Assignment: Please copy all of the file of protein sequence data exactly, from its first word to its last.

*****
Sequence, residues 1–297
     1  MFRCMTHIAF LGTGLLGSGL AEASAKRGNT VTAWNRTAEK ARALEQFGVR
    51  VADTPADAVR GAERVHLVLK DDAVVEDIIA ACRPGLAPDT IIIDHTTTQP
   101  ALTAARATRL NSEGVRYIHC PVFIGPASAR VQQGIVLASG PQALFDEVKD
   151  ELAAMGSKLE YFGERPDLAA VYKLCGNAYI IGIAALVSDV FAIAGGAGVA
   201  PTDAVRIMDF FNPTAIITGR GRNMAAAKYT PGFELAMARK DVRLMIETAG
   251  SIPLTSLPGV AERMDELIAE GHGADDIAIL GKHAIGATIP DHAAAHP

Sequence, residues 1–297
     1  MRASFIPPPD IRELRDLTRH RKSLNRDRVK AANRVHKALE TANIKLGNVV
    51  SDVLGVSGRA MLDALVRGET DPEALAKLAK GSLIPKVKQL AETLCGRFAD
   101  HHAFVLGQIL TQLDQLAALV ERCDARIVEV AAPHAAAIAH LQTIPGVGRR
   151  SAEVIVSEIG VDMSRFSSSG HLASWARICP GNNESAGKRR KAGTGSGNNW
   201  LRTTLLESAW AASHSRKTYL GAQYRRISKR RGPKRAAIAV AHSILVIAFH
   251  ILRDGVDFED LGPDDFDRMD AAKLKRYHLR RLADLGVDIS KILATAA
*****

Sequence, residues 1–297
     1  MFRCMTHIAF LGTGLLGSGL AEASAKRGNT VTAWNRTAEK ARALEQFGVR
    51  VADTPADAVR GAERVHLVLK DDAVVEDIIA ACRPGLAPDT IIIDHTTTQP
   101  ALTAARATRL NSEGVRYIHC PVFIGPASAR VQQGIVLASG PQALFDEVKD
   151  ELAAMGSKLE YFGERPDLAA VYKLCGNAYI IGIAALVSDV FAIAGGAGVA
   201  PTDAVRIMDF FNPTAIITGR GRNMAAAKYT PGFELAMARK DVRLMIETAG
   251  SIPLTSLPGV AERMDELIAE GHGADDIAIL GKHAIGATIP DHAAAHP

Sequence, residues 1–297
     1  MRASFIPPPD IRELRDLTRH RKSLNRDRVK AANRVHKALE TANIKLGNVV
    51  SDVLGVSGRA MLDALVRGET DPEALAKLAK GSLIPKVKQL AETLCGRFAD
   101  HHAFVLGQIL TQLDQLAALV ERCDARIVEV AAPHAAAIAH LQTIPGVGRR
   151  SAEVIVSEIG VDMSRFSSSG HLASWARICP GNNESAGKRR KAGTGSGNNW
   201  LRTTLLESAW AASHSRKTYL GAQYRRISKR RGPKRAAIAV AHSILVIAFH
   251  ILRDGVDFED LGPDDFDRMD AAKLKRYHLR RLADLGVDIS KILATAA